The below was first published on June 1, when Xero had a market value of $427 million.
Yesterday - Friday June 29 - the company closed at $5 for the first time, giving it a market cap of a cool half billion (or $520.5 million to be precise, according to S&P Capital IQ).
Xero gained extra momentum from its elevation to the NZX50 earlier this month (Rakon - once a tech darling, too - was deleted from the index).
In light of that milestone it's worth revisiting the debate: is Xero over-valued? (With a couple of figures updated for Friday's close.)
Xero full year result (12 months to March 31, 2012)
Profit: -$7.9 million (+5%)
Revenue: $19.3 million (+104%)
Customers: 78,000 (+116%)
Operating expenses: $28.4 millon (+58%)
Cash: $39 million
Cash burn/year: $12.7
Rod Drury is a smart guy.
And Xero is a clever company, with a great product.
But is it $520.5 million worth of great?
That’s the online accounting software company’s market value as of close of business yesterday (by S&P Capital IQ’s count, with Xero shares [NZX:XRO] closing at $5.00 on Friday).
I’m not sure why there’s only one brokerage following Xero (cue commentors feverishly hitting their keyboards), because it’s a fascinating company, with a lot of money at stake and lot interest from the public.
Still, that is the case: Forsyth Barr analysts Andrew Harvey-Green and Fraser Hunt appear to be on their lonesome (by Mr Harvey-Green’s estimate, a quick NBR survey of major analysts, and S&P’s coverage data.)
In February, the pair nudged their valuation of Xero from $2.60 to $2.63. They now calculate it’s worth $3.16 (or a market cap of $328 million).
ForBarr recommends people off-load shares.
The stock is rated high risk and on May 25 the broker re-iterated its warning to clients: “While we believe Xero has positioned itself well for success, it is still early days and we believe the market is already factoring in a high chance of success and overlooking the downside risks.”
ForBarr maintained its REDUCE rating on Xero following the company’s full-year result reported last week (which saw revenue more than double to $19.3 million for 12 months ended March 31, but losses increase 5% to $7.9 million; see table top of story.)
By any standard investing metric, you have to agree with Forsyth Barr.
However, at least one high-profile supporter (who didn’t want to go on record at this point) was keeping the faith, after carefully digesting Xero’s annual report.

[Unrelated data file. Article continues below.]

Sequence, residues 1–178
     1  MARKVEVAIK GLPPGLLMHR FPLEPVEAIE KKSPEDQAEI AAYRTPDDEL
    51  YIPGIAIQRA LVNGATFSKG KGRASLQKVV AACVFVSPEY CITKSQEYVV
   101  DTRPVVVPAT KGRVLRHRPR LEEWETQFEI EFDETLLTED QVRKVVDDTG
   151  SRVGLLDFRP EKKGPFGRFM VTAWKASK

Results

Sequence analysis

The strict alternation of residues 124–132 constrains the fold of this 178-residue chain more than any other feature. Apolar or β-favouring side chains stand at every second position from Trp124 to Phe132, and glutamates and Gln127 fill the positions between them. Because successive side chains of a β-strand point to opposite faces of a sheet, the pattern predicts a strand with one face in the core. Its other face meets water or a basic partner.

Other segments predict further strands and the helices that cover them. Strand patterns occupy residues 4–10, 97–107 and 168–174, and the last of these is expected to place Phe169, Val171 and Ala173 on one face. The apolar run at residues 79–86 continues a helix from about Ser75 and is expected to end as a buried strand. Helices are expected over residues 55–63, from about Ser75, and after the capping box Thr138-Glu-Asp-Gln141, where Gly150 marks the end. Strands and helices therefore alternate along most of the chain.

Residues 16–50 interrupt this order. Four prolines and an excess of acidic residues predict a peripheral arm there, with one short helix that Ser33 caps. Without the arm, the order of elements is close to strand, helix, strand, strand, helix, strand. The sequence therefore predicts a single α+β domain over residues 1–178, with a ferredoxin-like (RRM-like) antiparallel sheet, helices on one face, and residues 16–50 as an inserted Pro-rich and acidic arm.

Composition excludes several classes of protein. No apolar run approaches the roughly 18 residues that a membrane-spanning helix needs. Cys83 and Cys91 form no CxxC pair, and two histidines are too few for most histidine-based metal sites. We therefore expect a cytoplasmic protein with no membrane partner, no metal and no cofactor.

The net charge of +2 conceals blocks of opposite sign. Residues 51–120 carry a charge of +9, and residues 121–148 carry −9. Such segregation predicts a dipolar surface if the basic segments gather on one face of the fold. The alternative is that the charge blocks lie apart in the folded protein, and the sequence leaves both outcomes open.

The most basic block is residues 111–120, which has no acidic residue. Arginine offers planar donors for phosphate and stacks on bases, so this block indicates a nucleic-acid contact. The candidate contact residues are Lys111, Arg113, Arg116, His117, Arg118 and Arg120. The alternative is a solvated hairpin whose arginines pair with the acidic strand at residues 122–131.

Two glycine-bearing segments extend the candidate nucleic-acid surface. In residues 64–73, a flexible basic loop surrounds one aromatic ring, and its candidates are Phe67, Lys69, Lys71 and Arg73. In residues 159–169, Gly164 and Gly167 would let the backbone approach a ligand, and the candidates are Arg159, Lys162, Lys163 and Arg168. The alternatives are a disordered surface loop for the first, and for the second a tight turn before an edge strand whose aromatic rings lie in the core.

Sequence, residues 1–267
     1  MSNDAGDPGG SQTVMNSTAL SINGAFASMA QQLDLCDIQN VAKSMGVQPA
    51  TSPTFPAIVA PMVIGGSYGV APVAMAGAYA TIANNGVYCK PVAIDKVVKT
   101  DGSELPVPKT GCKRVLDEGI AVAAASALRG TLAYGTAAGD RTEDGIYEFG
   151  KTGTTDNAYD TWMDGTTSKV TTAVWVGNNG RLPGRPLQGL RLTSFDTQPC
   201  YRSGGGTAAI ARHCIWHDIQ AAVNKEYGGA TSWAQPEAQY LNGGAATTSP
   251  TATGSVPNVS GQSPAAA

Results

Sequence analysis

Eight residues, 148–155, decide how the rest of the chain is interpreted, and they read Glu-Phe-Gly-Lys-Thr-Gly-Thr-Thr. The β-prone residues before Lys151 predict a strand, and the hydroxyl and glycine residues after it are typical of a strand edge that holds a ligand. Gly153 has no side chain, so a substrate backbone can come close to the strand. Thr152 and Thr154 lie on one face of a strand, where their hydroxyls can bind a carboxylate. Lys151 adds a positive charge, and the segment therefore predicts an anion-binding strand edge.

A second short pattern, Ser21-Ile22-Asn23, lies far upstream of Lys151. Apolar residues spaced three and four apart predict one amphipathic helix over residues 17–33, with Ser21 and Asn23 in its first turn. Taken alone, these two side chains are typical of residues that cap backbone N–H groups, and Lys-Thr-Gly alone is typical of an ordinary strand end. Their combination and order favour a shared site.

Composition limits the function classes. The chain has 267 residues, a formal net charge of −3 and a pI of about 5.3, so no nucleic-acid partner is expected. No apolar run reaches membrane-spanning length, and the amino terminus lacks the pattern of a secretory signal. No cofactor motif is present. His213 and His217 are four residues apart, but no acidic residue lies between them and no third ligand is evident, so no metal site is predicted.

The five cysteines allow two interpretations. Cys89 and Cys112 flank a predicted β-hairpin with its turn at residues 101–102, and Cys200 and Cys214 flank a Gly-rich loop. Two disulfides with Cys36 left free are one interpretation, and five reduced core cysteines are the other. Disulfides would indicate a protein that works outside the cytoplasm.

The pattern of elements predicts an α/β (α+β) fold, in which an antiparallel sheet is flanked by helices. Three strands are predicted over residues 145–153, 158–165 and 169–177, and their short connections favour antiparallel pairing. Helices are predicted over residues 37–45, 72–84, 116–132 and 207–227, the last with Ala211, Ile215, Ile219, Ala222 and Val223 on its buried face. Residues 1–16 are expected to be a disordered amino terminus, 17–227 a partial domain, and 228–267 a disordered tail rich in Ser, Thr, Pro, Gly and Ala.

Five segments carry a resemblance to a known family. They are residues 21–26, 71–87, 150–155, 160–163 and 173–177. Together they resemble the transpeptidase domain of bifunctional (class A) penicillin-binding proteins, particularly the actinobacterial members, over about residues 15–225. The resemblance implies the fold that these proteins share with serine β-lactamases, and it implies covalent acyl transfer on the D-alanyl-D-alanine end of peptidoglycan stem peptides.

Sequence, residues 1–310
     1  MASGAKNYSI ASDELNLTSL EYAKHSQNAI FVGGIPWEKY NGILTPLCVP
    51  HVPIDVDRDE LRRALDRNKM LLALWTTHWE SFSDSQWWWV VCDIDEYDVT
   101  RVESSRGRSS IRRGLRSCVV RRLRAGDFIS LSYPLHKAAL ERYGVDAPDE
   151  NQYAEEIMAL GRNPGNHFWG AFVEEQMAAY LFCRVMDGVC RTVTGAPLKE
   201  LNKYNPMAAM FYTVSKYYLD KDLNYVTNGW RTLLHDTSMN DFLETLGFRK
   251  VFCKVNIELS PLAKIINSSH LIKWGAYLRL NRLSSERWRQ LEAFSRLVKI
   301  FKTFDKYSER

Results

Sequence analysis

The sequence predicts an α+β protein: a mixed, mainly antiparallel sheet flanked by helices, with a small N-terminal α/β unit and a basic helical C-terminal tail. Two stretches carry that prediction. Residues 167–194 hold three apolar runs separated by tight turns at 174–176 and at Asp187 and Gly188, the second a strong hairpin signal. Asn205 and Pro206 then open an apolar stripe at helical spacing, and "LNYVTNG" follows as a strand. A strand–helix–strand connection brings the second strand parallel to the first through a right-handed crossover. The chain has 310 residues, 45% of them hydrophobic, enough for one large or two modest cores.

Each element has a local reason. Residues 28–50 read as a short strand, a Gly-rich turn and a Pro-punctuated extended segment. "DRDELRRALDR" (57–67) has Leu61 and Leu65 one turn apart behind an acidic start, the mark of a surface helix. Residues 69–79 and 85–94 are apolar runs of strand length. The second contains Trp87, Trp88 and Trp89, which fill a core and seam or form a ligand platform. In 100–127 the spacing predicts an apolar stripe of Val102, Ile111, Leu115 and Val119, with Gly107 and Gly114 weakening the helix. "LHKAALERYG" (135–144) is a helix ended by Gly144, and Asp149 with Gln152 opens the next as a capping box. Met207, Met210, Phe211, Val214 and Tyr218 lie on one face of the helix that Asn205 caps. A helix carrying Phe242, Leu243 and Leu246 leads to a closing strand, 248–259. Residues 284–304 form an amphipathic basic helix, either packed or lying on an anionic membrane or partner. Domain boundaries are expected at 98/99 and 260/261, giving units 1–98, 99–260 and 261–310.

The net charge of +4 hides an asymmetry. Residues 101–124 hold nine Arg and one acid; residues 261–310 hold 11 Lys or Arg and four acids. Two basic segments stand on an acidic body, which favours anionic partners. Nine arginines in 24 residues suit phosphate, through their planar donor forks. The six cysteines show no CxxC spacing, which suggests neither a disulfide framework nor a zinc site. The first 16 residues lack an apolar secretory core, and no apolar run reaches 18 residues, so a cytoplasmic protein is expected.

But was he comfortable keeping half a billion dollars’ worth of faith in a company with $19.23 million revenue, which now refuses to say when it will turn a profit?
How could he believe it’s worth more than $426 million?
“Easy,” he replied. “ This is a long term, global play. They have a good chance of hitting 10 times that.”
For me, it’s a great unknown: can Xero parlay its early entry into the cloud category into world domination? It does take off in the US and other markets, then it could spread like wildfire. And its cloud model means there’s very little incremental cost adding customers to its system.
The downside: until it reaches that tipping point, it’s yakka hard spreading the word in Australia, the UK and the US (where customer numbers are growing fast, albeit off a low base).
Forbarr says expenses will grow as Xero expands in these regions as it pushes for growth. Last year alone, staff numbers swelled from 113 to 194 – a quarter of whom are now based off-shore.
And Xero itself has forecast a greater loss next year (last year, it formally abandoned its goal of breaking even by the end of 2011, saying it was better for investors’ long-term if it pushed for growth).
ForBarr estimates Xero’s cash-burn at $12.7 million a year.
Yet Xero’s coffers are bulging.
It raised $36.5 million last year from issuing new shares (Rod Drury sold $3 million shares around the same time) and you and I chipped $4 million through a government R&D grant.
Xero now has $39 million in the banks. Enough, Mr Harvey-Green estimates, to last it until it break-even.
What's Xero worth in a trade sale?
Another option, of course, is that Xero may never break-even because it is bought by a larger accounting software company (and Rod Drury has, in part, built his NBR Rich List fortune by selling two tech companies he co-founded - Glazier Systems and Aftermail.)
Last year we saw Bain Capital buy accounting software company MYOB for an estimated $US1.3 billion after a bidding war with UK-based Sage.
MYOB has says it has more than 1 million customers across its Australasian base (and with its nascent pushing into the cloud it is perhaps Xero’s closest rival, at least regionally).
With both companies privately held, no specific financials were released around the deal, but the Australian Financial Review (which judging by its reports anticipating other events around the deal had a reliable source) said Bain paid around 11.3 times earnings before interest, taxes, depreciation and amortization.
According to Reuters, KKR paid around 12.5 times ebitda for a majority stake in accountancy software vendor Visma in 2010, while HG Capital bought Italy's TeamSystem for 11.3x ebitda.
Xero, of course, has no earnings. But, once it does, the above sales do seem to indicate a benchmark (Rod Drury, I’m sure, would argue that his company is not bogged down by the legacy offline systems that most of MYOB’s customers, and others, still use).
And it’s a benchmark that Xero has a little way to reach.
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